It addressed three main groups: Baby Boomers, who make up 40% of today's workforce; Generation X, who comprise 36%; and the youngest group, the Millenials, who are 16% of the workforce, but growing. (The Matures are the other 8%, and that number is falling.) Ken and I are on the tail end of the Baby Boom (born in 1962), as are many of my former coworkers, and we've both experienced some of the conflicts mentioned in the article. I think the thing that got to me the most was the sense of entitlement that many young workers seem to have now--a feeling that they should get everything they ask for, that they don't want to work weekends or holidays, and that they should never have to work overtime.

Disclaimer: I'm coming at this from a healthcare perspective, so your results may vary. I was also privileged to work with many fine younger people who didn't feel that way, but I've also worked with some who did.

This was especially hard for some of us who had been in healthcare for a long time. We felt that we had "paid our dues" by working multiple shifts, plenty of weekends, lots of holidays, long hours, etc. After over 20 years of working, I was still working every other weekend when I stopped working. You can imagine how maddening it was to hear some younger people come in and say, "I'm not working every other weekend" or "I can't work those hours."

The article goes on to talk about the things that the various generations can learn from each other, and there are some good lessons there. Us Baby Boomers can be a little on the rigid side, and have a feeling of "Hey, I had to do this, so you do, too." I think we need to get beyond that, because technology and attitudes are changing, and younger people don't necessarily want to be defined by their jobs. They have many outside interests and value their leisure time. Perhaps workplaces need to be a little more flexible when it comes to accommodating hours, flex time, etc. This doesn't always work in healthcare, because so much of it is hands-on, and round-the-clock.

I also think that Gen X-ers and Millenials need to recognize that there are some things that they can't just walk in and do. Sometimes experience is necessary, and can take years to develop. Respect the knowledge of those who have been doing the job for years; there is much they can teach you, and they usually have a pretty strong work ethic worth emulating. I would also suggest that they reconsider multiple piercings in the workplace, especially in a healthcare setting--the less hardware and fewer holes you have, the less your chance of infection, or passing an infection on to others. Clothing itself can be a problem, as older workers sometimes don't approve of more casual attire. When I worked in Indianapolis in the 90's, my favorite attire was leggings and a long T-shirt. A group of older workers put together a new dress code, and decided that leggings shouldn't be worn. That was silly, and leggings and long shirts or tunics are very common now.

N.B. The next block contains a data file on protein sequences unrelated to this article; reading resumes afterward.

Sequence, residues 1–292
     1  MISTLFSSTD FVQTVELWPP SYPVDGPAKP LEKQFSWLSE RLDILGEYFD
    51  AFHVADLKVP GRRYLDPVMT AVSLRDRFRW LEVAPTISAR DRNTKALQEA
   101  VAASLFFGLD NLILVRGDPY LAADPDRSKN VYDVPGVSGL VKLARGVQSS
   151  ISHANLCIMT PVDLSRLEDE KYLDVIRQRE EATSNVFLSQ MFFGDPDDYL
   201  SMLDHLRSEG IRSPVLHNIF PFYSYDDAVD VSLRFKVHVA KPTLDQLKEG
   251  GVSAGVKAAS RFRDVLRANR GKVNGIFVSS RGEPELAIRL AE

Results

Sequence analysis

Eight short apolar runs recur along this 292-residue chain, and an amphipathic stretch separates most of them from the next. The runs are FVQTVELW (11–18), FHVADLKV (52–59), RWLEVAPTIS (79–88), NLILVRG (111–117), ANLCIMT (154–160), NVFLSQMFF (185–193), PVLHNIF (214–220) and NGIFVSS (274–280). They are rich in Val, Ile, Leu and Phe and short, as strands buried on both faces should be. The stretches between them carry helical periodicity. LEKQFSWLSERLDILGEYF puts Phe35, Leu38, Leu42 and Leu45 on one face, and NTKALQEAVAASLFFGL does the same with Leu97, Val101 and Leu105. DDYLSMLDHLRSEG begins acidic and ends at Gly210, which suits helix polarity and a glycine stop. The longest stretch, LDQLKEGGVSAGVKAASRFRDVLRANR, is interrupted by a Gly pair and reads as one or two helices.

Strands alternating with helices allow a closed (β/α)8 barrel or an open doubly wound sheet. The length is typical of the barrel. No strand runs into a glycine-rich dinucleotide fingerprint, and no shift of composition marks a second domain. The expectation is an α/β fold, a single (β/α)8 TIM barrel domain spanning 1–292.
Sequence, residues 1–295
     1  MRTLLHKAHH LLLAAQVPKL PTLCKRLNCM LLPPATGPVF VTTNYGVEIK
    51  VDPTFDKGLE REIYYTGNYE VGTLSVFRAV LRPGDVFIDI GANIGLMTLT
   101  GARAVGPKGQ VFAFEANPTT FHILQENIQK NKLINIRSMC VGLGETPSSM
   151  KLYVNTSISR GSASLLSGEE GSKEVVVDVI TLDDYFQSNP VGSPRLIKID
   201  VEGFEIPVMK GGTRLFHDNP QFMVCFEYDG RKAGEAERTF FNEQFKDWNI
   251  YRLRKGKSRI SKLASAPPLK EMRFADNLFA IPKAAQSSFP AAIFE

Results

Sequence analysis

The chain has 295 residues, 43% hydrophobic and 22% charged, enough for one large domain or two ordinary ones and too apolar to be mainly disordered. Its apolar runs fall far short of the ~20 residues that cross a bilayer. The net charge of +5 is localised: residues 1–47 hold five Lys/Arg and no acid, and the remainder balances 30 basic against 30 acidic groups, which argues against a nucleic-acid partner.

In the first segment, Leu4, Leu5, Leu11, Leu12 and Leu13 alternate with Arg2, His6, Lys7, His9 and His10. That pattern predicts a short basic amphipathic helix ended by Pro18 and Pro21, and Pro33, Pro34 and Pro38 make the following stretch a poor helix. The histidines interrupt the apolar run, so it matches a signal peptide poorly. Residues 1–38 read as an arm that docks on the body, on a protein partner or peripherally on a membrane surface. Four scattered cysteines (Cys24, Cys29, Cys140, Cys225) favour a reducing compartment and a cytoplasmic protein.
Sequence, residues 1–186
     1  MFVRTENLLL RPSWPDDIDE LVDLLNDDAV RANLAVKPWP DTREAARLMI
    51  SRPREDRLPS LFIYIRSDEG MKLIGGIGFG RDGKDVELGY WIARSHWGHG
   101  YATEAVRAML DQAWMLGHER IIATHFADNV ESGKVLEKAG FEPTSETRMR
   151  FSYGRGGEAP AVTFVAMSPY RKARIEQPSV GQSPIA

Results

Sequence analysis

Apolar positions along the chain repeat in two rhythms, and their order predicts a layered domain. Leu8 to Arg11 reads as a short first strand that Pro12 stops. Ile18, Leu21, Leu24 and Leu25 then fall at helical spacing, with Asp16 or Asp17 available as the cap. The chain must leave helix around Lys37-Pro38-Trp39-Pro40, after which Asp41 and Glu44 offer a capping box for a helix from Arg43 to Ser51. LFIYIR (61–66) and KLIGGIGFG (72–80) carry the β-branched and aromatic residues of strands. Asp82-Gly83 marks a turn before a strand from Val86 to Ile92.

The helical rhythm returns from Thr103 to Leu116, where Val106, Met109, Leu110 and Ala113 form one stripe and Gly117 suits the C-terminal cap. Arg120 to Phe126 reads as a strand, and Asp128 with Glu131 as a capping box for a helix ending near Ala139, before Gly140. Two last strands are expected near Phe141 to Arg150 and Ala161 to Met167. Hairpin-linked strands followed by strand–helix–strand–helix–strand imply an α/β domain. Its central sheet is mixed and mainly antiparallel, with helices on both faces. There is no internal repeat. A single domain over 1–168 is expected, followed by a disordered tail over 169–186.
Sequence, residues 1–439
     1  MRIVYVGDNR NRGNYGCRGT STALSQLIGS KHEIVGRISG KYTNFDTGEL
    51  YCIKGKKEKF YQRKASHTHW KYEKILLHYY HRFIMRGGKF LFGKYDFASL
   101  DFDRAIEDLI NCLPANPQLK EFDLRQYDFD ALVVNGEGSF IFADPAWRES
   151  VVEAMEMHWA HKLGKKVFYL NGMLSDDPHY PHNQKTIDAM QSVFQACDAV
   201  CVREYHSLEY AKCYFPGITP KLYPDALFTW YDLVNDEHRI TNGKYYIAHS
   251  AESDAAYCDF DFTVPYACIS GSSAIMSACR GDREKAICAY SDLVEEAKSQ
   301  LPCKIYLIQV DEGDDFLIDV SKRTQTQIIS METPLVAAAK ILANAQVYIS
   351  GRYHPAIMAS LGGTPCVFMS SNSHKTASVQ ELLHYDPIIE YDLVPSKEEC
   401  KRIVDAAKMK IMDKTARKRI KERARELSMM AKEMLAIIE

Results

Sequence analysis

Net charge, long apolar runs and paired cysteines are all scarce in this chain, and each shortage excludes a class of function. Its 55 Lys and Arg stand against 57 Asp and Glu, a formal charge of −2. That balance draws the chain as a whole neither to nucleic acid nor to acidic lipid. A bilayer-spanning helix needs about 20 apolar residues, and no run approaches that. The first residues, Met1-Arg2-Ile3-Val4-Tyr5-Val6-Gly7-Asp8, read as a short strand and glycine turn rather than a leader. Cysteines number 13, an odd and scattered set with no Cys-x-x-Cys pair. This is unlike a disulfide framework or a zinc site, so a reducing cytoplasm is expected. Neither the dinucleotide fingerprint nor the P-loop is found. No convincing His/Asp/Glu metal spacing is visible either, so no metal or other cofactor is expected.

It's definitely an interesting dynamic. We would all do well to recognize our differences, but try to understand each others' strengths. As goes the workplace, so goes life, eh?

I’m thrilled…honest!

I was very pleased to receive an award from the fabulous Miss Ginger Grant: the Honest Blogger award.

Award Honest Blogger This one means a lot to me, because I really do try to remain honest and true, and to live my life with a sense of integrity. I don't always many of us do? There is a fine line between being 100% honest and understanding the art of diplomacy. I hope that most of us try our best to be honest with ourselves and others, but we also have to realize that there are times when we have to hold our tongues in order to preserve others' feelings. I try to do both, but as with most things in life, it's a work in progress.

The requirements of this award are twofold: first, to pass it on to others, choosing seven blogs on which to bestow the award. I always have a hard time with that, and dislike trying to pick a few. I usually say that if I read you, to take the award for yourself. In this case, I'll say that if you believe that you are truly an honest writer, that you embody those attributes I wrote about above, snag this award. But be honest with yourself! If you do choose to snag the Honest Blogger award, you have to do this next part, too. I know you won't cheat, because you're honest.

The other thing is to write ten honest things about myself. Oh someone who keeps things close to the vest, this could be difficult...but I'm a trooper, and I'll give it a try!

1. I tend to keep things close to the vest. I don't share extremely personal things easily or willingly, and you could know me for years before hearing about certain things.

2. I would love to learn to play the drums. I haven't given up on this yet.

3. I once called a Ball State football player an asshole. He didn't seem to feel overly threatened.

4. I dated a minor TV/movie personality for a while. It ended badly, but I got the satisfaction of getting an apology and a request to be friends again. :D

5. TEN things? Jeez, you're killin' me here. Let's see...I've danced onstage with a local band.